Writings and observations

No, not so much the number of yard signs in front of houses or on property (though there is that, too). Rather, in this case, the ease with which a supporter can actually go get a yard sign.

That’s often not as simple as you might think. While campaigns may aggressively seek out some prime spots for signage, what seems like a diminishing number of campaigns actually make it easy for an interested supporter to simply get one.

So check this out from the Steve Novick (U.S. Senate in Oregon) campaign: Detailed instructions on where exactly to get signs, and lists and maps of 25 places around the state (spottier in the east, but then most human organization is) where they can be had. Many pointed to supporters, who in turn will help build the organization.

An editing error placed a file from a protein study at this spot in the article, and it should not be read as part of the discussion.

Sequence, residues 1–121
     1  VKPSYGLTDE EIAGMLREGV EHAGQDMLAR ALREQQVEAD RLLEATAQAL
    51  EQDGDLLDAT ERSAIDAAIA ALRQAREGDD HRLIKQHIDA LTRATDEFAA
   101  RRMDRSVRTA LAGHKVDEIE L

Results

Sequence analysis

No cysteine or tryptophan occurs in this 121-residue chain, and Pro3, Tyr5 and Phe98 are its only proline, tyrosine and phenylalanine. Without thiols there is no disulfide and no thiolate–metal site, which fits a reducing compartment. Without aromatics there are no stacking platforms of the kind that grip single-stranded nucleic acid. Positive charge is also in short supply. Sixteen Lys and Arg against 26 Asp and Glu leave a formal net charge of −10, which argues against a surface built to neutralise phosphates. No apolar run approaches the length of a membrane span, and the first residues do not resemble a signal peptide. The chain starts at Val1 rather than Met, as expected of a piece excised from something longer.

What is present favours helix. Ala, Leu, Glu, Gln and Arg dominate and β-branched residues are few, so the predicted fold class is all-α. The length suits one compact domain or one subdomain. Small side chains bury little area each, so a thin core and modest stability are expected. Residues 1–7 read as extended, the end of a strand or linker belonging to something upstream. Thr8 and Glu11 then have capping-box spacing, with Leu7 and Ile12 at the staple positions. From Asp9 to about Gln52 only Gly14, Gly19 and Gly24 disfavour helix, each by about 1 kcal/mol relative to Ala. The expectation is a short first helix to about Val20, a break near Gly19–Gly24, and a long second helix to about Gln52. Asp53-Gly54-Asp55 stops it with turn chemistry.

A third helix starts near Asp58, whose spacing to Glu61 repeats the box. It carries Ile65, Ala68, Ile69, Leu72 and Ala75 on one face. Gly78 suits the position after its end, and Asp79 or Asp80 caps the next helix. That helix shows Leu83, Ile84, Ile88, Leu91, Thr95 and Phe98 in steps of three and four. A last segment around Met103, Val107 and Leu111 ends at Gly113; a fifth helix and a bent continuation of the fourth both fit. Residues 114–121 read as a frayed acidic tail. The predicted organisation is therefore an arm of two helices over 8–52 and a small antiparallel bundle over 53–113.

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Oregon

The current dustup over robo-calls – effectively a kind of push polling without the poll – in North Carolina (where state officials have started an investigation) apparently extends much further. As in, to the Northwest.

The same group apparently has sent out a bunch of mailers in Oregon, asking recipients to register to vote. (They screwed up, though: By the time it reached their targets, the registration deadline had passed.) An example has been posted on the Talking Points Memo web site.

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Oregon